Campylobacter

washxc

In the Brooder
9 Years
Mar 20, 2010
47
1
32
Yep. The doc called this morning and said that the week and half of diarrhea and aches and pains I've had are a result of Campylobacter bacteria. I raised my second batch of CX birds this fall and I'm almost positive that I got the Campy from processing a bird as I got sick right after. It's all a bit disheartening and I'm on hold for our planned chicken dinner tonight...

I'm trying to figure out exactly how it happened. I killed and skinned a bird right before I got sick and I did nick myself on the finger...

We've also got layers that we keep penned in by a poultry net and we happened to have them in the yard where our new puppy has found an affinity for hen turds. Unfortunately she also has a habit of "giving kisses".

Any thoughts? Has anyone else ever had this happen?
 

sonew123

Poultry Snuggie
11 Years
Mar 16, 2009
25,016
110
421
onchiota NY
yup! but not with my own chickens -in fact it was way before I had chickens. It comes from teh bacteria getting into some open part of your body and into your mouth---finger nails are a huge culprit-if you dont scrub out under your nails when handling chickens at any point-you can easily get it. I was the cook at a july 4th BBQ-noone else got it but me. So I can only attribute it not scrubbing under my nails-I washed my hands all day over and over but since I handled the chicken Im sure it is because I didnt scrub under my nails and I put my fingers in my mouth after-tasting something-...I am rediculous about it now-scrub scrub scrub!!!
 

Imp

All things share the same breath- Chief Seattle
11 Years
Sep 7, 2008
14,453
181
318
The Emerald City
My Coop
My Coop
So sorry you got sick. Campylocker is so ubiquitous it nearly impossible to eradicate. Here's a list of steps that you can use to reduce it.

BTW- don't feel like you've done something wrong. Lots of people get sick and blame it on flu, colds, 24 hour bug etc. A lot is food borne illness.

Hope you feel better soon,
Imp



CLEAN: Wash Hands and Surfaces Often
Wash your hands with warm soapy water for 20 seconds before and after handling food and after using the bathroom, changing diapers, and handling pets.
Wash utensils, cutting boards, dishes, and countertops with hot soapy water after preparing each food item and before you go on to the next item.
Consider using paper towels to clean kitchen surfaces. If you use cloth towels, wash them often in the hot cycle of your washing machine.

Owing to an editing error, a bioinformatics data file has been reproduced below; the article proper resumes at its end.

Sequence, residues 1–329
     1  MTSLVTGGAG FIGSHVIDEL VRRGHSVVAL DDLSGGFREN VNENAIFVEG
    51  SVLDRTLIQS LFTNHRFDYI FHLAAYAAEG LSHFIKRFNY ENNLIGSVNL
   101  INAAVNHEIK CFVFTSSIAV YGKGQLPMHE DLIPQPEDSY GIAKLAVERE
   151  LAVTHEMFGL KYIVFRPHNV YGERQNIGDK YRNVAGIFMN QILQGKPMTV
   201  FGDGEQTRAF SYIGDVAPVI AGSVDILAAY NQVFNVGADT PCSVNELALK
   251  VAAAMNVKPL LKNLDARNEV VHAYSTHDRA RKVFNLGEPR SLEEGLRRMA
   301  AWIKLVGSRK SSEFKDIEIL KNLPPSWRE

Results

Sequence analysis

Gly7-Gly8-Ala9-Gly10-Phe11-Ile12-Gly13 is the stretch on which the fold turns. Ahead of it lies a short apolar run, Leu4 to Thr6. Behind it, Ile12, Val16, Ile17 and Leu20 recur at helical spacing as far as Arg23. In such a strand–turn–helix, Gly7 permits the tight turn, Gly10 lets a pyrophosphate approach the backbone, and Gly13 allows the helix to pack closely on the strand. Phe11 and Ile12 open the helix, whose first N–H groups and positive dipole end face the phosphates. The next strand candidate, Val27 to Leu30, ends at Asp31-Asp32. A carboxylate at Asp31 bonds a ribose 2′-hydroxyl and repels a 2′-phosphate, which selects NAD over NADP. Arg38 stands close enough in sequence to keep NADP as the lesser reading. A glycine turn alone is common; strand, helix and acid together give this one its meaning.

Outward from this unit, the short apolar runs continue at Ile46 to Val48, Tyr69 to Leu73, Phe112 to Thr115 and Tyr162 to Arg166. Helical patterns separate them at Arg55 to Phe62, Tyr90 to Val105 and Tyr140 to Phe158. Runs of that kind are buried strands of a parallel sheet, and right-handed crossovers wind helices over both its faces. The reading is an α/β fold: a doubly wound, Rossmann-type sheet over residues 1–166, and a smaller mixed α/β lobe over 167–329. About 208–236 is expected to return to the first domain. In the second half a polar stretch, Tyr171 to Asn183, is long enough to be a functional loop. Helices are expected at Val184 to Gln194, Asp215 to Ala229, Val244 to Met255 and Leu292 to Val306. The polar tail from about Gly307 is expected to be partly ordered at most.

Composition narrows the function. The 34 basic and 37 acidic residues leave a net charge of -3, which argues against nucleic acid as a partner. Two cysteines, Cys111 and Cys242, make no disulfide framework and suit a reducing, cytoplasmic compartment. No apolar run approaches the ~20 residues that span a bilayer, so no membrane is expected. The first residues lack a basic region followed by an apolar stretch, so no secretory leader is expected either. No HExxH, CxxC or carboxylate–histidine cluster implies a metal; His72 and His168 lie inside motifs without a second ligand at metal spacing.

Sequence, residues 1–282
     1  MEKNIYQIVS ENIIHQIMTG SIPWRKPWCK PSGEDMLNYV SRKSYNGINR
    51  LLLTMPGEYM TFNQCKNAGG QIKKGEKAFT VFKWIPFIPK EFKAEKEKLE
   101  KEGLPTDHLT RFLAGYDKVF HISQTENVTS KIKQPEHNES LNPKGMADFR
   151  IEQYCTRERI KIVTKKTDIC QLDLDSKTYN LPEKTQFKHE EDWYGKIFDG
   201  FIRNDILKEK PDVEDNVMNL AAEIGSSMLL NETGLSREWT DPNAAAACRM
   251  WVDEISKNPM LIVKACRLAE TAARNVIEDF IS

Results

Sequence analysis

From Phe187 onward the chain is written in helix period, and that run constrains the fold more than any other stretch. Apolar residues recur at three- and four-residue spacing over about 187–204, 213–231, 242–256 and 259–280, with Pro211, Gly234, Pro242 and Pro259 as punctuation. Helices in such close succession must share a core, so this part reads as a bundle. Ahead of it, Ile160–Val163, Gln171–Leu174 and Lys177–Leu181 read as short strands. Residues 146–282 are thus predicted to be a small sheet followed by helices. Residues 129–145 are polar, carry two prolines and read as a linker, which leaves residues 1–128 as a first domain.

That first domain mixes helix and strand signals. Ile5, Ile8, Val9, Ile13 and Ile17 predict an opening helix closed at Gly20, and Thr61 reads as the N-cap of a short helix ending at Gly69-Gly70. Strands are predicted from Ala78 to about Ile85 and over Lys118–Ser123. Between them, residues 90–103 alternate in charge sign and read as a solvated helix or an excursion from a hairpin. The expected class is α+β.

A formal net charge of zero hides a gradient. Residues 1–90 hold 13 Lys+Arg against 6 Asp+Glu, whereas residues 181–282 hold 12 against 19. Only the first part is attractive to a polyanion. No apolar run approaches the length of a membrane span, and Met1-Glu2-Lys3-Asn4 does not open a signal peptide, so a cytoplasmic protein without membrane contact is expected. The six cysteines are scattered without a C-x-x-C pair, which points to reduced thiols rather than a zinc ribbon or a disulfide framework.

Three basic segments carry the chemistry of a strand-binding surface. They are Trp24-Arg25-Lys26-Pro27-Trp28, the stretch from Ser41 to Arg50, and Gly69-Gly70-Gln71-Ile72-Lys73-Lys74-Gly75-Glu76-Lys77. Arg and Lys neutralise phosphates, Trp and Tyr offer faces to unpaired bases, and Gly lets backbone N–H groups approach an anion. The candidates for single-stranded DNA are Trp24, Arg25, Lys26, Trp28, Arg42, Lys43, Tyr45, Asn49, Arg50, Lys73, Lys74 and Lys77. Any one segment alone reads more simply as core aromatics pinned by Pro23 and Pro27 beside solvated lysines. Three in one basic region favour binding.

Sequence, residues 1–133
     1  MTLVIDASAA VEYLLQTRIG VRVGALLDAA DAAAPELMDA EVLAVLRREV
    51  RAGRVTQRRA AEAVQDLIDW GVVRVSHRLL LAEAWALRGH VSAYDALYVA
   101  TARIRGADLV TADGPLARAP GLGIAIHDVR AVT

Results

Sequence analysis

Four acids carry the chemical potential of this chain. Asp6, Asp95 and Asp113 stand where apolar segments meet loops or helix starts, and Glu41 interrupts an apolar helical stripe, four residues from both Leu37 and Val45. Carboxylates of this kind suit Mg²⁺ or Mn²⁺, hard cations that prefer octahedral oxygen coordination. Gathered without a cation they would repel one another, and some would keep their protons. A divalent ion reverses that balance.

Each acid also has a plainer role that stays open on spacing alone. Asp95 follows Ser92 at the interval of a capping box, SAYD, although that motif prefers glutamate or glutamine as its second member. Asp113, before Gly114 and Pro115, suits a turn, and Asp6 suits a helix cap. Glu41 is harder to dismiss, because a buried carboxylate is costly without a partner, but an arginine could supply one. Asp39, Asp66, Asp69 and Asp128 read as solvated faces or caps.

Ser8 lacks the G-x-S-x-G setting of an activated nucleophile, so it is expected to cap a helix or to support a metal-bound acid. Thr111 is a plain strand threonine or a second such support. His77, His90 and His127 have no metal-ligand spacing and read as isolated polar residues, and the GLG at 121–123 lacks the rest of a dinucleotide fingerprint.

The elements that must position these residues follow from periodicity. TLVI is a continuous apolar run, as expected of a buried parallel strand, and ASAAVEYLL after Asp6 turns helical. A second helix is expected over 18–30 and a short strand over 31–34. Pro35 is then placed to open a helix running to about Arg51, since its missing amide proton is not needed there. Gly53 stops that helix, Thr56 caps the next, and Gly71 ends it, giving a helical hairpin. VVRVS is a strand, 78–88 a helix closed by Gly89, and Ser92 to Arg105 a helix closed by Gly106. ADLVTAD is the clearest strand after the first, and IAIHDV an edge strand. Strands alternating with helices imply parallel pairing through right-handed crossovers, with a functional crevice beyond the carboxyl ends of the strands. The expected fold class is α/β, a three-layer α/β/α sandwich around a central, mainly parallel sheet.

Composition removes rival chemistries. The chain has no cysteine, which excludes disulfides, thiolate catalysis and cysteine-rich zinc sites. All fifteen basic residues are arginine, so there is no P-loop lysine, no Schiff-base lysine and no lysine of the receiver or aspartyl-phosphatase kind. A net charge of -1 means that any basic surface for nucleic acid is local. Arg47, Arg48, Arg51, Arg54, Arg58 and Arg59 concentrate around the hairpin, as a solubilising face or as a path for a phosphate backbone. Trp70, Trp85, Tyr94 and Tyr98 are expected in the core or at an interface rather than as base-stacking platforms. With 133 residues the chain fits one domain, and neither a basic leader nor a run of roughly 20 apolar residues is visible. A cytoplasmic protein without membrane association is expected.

SEPARATE: Don't Cross-contaminate
Separate raw meat, poultry, and seafood from other foods in your grocery shopping cart and in your refrigerator.
If possible, use one cutting board for fresh produce and a separate one for raw meat, poultry, and seafood.
Always wash cutting boards, dishes, countertops, and utensils with hot soapy water after they come in contact with raw meat, poultry, and seafood.
Never place cooked food on a plate which previously held raw meat, poultry, or seafood.

COOK: Cook to Safe Temperatures
Use a clean food thermometer when measuring the internal temperature of meat, poultry, casseroles, and other foods to make sure they have reached a safe minimum internal temperature:
Beef, veal, and lamb steaks, roasts, and chops to 145 °F.
All cuts of pork to 160 °F.
Ground beef, veal and lamb to 160 °F.
Egg dishes, casseroles to 160 °F.
All poultry should reach a safe minimum internal temperature of 165 °F.
Stuffing whole poultry is not recommended. Cook stuffing separately to 165 °F.
Leftovers to 165 °F.
Do not eat or drink foods containing raw, unpasteurized milk.
Fish should reach 145 °F as measured with a food thermometer.
Bring sauces, soups, and gravy to a boil when reheating.
Reheat other leftovers thoroughly to at least 165 °F.

CHILL: Refrigerate Promptly
Keep food safe at home, refrigerate promptly and properly. Refrigerate or freeze perishables, prepared foods, and leftovers within 2 hours (1 hour if the temperature is above 90 °F).
Freezers should register 0 °F or below and refrigerators 40 °F or below.
Thaw food in the refrigerator, in cold water, or in the microwave. Foods should not be thawed at room temperature. Foods thawed in the microwave or in cold water must be cooked to a safe minimum internal temperature before refrigerating.
Marinate foods in the refrigerator.
Divide large amounts of leftovers into shallow containers for quick cooling in the refrigerator.
Don't pack the refrigerator. Cool air must circulate to keep food safe.
 

washxc

In the Brooder
9 Years
Mar 20, 2010
47
1
32
Thanks for your replies, I'm on the mend I think.

Anyone else ever get it from processing a bird?

I'm trying to figure out where it came from...
 

Ibicella

Songster
10 Years
Nov 13, 2009
578
41
176
Everett, WA
It's most commonly found in the digestive tract of poultry, so I wouldn't be surprised if the puppy transferred it that way or if you improperly washed your hands after handling the entrails when you processed. It's unlikely that you got it from the nick on your finger, I think C. Jejuni normally needs to be swallowed to infect you.
 

sonew123

Poultry Snuggie
11 Years
Mar 16, 2009
25,016
110
421
onchiota NY
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